By Jennifer Lilonsky ( | First Posted: Feb 15, 2013 04:32 PM EST

Patients with Alzheimer's and dementia are seen during a therapy session inside the Alzheimer foundation in Mexico City April 19, 2012. Alzheimer's is a progressive, degenerative disease that robs people of memory, reasoning and the ability to communicate. About 24 million people worldwide have the disease according to the World Health Organization. In Mexico, 600,000 Mexicans out of 9 million adults over the age 60 suffer from Alzheimer's, according to the Institute of Geriatrics (INGER). Picture taken April 19, 2012. REUTERS/Edgard Garrido (MEXICO - Tags: HEALTH SOCIETY) (Photo : Reuters )

A new study conducted by the University of Southern California reveals that a combination of omega-3 fatty acids and vitamin D could be an effective treatment for Alzheimer's disease.

The low-protein diet was found to stop progression of the disease in the mice that were part of the study.

"Although the new study is in mice, it raises the possibility that low protein intake and low IGF-I may also protect from age-dependent neurodegeneration," said Valter Longo, a professor at USC and the study's author.  

IGF-1 is a growth hormone that has been associated with cancer, diabetes, heart disease and aging, according to EmaxHealth.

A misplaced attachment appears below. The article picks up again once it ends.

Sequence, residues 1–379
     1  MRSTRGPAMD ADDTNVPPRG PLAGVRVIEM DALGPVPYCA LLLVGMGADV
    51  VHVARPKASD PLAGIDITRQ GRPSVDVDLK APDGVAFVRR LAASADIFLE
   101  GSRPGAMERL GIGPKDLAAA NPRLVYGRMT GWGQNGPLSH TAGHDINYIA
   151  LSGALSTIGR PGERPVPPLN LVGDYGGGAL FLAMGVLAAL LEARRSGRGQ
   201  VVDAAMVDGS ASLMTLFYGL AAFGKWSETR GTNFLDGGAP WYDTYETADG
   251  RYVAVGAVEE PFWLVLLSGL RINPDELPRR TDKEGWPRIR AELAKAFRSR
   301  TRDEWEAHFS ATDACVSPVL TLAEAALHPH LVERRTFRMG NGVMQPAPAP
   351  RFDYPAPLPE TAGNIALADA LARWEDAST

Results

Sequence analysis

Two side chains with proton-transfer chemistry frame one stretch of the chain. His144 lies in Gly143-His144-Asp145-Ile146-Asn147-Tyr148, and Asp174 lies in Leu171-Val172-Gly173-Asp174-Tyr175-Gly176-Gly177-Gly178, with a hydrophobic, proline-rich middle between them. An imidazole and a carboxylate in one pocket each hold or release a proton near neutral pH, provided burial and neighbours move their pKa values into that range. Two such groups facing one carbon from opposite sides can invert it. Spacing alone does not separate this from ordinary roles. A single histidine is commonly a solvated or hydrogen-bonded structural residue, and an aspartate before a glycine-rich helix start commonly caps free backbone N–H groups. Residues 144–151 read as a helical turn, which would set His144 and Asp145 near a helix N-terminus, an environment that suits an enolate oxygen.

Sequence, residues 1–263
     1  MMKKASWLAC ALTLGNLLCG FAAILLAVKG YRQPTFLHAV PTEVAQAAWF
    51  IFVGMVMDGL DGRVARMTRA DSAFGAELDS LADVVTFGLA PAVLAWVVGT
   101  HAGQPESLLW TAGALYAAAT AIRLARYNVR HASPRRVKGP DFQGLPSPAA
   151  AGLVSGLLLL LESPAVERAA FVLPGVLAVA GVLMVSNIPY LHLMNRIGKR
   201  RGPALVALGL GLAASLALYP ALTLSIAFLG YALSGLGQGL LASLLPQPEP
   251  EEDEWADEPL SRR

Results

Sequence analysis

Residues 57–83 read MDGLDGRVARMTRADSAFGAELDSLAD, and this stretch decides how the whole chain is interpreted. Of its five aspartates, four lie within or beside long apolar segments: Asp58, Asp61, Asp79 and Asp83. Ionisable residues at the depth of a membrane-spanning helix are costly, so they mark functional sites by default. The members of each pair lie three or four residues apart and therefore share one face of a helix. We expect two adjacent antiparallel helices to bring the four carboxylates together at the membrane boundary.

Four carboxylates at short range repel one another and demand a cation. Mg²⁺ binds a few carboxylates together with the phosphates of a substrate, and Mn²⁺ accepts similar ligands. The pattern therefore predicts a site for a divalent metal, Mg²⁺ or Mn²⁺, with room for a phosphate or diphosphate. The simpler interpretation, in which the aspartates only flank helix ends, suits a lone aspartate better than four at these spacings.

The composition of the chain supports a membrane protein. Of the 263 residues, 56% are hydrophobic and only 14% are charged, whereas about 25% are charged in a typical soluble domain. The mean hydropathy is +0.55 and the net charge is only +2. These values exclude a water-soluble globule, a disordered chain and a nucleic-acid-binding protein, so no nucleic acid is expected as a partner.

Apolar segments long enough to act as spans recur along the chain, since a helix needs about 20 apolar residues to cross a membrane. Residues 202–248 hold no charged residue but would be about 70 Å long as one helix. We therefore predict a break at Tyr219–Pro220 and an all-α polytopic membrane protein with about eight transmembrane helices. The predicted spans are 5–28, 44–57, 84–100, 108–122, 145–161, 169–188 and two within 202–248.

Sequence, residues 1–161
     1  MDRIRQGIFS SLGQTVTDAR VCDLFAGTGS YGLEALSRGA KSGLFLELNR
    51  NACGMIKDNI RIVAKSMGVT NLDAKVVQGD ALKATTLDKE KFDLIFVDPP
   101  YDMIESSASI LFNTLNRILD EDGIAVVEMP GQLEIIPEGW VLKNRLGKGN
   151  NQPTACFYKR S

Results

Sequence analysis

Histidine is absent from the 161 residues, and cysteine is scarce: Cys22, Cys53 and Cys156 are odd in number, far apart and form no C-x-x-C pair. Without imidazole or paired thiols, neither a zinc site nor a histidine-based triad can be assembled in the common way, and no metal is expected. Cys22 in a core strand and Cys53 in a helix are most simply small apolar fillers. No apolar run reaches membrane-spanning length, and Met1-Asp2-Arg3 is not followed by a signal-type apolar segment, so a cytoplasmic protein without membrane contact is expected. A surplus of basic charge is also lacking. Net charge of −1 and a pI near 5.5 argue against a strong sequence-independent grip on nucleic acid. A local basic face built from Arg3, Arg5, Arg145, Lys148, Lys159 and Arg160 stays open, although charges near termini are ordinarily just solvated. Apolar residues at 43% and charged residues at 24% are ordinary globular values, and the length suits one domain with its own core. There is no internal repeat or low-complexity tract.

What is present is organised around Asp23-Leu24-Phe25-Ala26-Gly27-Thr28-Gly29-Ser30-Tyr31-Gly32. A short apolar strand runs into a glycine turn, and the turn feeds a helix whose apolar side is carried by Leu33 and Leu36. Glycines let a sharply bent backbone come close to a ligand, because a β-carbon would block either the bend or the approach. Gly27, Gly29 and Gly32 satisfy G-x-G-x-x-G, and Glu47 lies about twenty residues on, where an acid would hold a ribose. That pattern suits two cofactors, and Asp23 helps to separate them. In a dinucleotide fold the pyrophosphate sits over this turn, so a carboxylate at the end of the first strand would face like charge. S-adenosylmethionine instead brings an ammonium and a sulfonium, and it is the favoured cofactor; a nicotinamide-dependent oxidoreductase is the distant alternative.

Consuming a low-protein diet decreases the level of this growth hormone. Researchers found that humans who are found to be deficient in IGF-1 had lower occurrences of cancer and diabetes.

These findings led to the new study that aims to determine whether a low-protein diet can help improve Alzheimer's disease.

As part of the study, researchers gave mice a low-protein diet with the addition of amino acids for four weeks.

And the mice that were in advanced stages of the disease displayed signs of memory improvement as compared to the control group of mice.

The mice that were given a low-protein diet were able to navigate a maze and had fewer damaged brain neurons.

But researchers, while they recognized the potential for this special diet to help the increasingly prevalent disease, also note that a low-protein diet may not be safe for all elderly patients.

Experts warn that if this diet were to be used in humans, it would have to be under close supervision of a doctor.


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